Inexpensive, flexible, high-quality, mobile.
Most readers will agree that there is no video conferencing solution that can attract all of those terms. We've looked at simple Skype video systems that fail on the quality (and probably the mobile) aspect.
Alternately, the huge resource demands and buy-in cost of the Cisco telepresence systems ensure that probably only the 'high quality' component is fully achieved.
iTWire has experienced the Cisco solution on one of Tata Communications' facilities in Singapore and was very impressed with the quality that could be achieved with a 20Mb/sec connection and hundreds of thousands of dollars.
Enter a small company called Vidyo. Founded just 5 years ago by current President & CEO Ofer Shapiro along with Avery More and Alex Eleftheriadis the company of just 100 employees is turning video conferencing on its head.
According to Shapiro, "Video conferencing should be as accessible and spontaneous as any other form of business communications. One of the most often heard complaints about videoconferencing is that, despite all of the new products, it's still too difficult to use. Compared to traditional dedicated appliance-based offerings, Vidyo's executive desktop solution delivers this long-awaited ease-of-use for one-tenth of the price of any comparable product. The simplicity and intuitive design of the VidyoPortalâ„¢ graphical user interface on a multi-purpose touch screen computer finally puts telepresence quality video communications at an executive's finger tips."
Based on a centralised video portal, the Vidyo suite of products will permit a quality image to be delivered to just about any network-connected device.
At a media event in Singapore, the company demonstrated excellent quality full-screen conferencing on a 24" touchscreen monitor attached to the Internet via a 3G card. The fully-configured screen is available for around $US1,000.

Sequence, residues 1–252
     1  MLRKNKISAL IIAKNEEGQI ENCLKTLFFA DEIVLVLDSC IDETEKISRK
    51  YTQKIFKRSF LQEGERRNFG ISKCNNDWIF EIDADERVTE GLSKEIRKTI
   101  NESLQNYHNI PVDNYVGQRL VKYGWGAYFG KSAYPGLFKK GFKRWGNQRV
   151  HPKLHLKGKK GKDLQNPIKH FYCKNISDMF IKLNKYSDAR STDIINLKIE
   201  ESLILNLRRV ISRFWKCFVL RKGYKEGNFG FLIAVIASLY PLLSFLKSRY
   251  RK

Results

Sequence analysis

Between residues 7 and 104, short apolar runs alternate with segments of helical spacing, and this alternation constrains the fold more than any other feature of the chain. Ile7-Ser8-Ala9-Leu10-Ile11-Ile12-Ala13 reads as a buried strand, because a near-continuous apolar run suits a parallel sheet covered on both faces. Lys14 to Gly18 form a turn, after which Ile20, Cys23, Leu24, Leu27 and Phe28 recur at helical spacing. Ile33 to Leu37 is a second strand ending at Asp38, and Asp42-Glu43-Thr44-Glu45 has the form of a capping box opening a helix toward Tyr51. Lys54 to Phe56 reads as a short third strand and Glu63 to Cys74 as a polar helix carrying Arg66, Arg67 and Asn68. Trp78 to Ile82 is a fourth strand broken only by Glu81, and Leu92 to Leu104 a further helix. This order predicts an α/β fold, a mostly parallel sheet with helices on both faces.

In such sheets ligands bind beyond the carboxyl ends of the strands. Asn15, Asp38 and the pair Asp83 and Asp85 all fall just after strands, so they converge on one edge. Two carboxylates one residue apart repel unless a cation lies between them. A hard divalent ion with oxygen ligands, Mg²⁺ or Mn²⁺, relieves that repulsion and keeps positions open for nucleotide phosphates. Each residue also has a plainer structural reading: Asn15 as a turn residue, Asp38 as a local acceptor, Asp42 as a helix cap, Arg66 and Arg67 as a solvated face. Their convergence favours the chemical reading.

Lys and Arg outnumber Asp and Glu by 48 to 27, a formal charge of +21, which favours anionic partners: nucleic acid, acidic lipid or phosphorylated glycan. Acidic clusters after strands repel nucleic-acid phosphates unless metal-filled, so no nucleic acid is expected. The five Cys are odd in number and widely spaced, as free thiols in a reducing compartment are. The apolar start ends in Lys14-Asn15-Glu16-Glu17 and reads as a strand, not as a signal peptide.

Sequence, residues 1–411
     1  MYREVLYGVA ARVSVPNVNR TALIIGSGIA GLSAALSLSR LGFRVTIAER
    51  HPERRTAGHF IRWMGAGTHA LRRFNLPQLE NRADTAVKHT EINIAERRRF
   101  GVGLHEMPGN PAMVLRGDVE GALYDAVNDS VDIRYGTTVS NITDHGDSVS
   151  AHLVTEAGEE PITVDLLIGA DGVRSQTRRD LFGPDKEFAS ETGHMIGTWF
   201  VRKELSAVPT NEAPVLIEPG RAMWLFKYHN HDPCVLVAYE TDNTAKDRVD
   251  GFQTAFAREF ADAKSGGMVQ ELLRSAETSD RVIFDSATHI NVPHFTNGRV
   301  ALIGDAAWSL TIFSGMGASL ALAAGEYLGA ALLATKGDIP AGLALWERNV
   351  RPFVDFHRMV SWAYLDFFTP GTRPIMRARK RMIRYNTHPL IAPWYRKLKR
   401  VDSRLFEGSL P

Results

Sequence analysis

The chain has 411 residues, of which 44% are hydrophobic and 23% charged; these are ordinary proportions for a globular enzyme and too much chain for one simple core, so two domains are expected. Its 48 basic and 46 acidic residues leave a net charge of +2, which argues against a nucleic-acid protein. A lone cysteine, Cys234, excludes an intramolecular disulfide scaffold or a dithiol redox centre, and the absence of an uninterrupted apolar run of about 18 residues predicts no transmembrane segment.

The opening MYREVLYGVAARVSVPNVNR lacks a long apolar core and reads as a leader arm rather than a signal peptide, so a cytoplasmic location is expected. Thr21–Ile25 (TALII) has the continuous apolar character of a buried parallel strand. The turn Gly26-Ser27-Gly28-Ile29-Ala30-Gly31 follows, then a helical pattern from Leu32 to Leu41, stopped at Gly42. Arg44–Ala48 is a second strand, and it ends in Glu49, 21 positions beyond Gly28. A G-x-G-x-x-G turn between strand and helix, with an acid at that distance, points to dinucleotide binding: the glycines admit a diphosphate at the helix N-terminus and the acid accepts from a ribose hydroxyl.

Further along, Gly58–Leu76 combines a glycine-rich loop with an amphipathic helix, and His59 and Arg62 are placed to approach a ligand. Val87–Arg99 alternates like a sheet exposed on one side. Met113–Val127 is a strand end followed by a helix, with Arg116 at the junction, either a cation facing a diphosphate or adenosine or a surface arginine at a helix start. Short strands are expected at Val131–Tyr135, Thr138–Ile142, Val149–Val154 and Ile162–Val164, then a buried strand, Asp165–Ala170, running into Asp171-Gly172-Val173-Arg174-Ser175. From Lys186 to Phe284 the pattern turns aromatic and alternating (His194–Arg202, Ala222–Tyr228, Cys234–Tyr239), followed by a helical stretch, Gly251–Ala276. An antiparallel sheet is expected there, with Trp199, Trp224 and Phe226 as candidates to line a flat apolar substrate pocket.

The system obviously included the ability to share screens (for slide-shows or interactive drawing tools) as well as a variety of split-screen modes for multiple participants.
Then we see the piece de resistance.
The same image was delivered to a participant via a Google Nexus One Android-based phone. Shapiro hinted that the iPhone (and presumably the iPad) would be coming soon. He also indicated that although other smartphone platforms would be supported, he had doubts regarding the ability of blackberry devices to contain sufficient processing power.
This means that a conference participant could be anywhere in the world.
Telepresence in everyone's pocket!
There is also a gateway to communicate with other platforms (Polycom etc) however Shapiro noted that "80% of customers ask for it, but only 2% actually use it." Why would you? The cost-per-seat of the Vidyo product is so low that the other systems can be quickly phased out.
As the system is maturing, additional uses are becoming evident. For instance the newly announced VidyoHealth which, amongst other applications, permits easy-to-use remote medical consultations for stay-at-home elderly people.
Clearly such a system must be very easy to use (the patient may-well be impaired in some way) and offer the flexibility needed by the consulting physician or nurse. And it is.
Commenting on the ease of use compared to far too many other systems, Ofer Shapiro joked that "this was probably the first time a video conference system actually lowered someone's blood pressure!"
Ideal for organisations requiring a low-cost universal solution, the Vidyo product avoids the need for highly expensive specialist telepresence suites and instead brings the conference to the user.
The author travelled to Singapore as a guest of NetEvents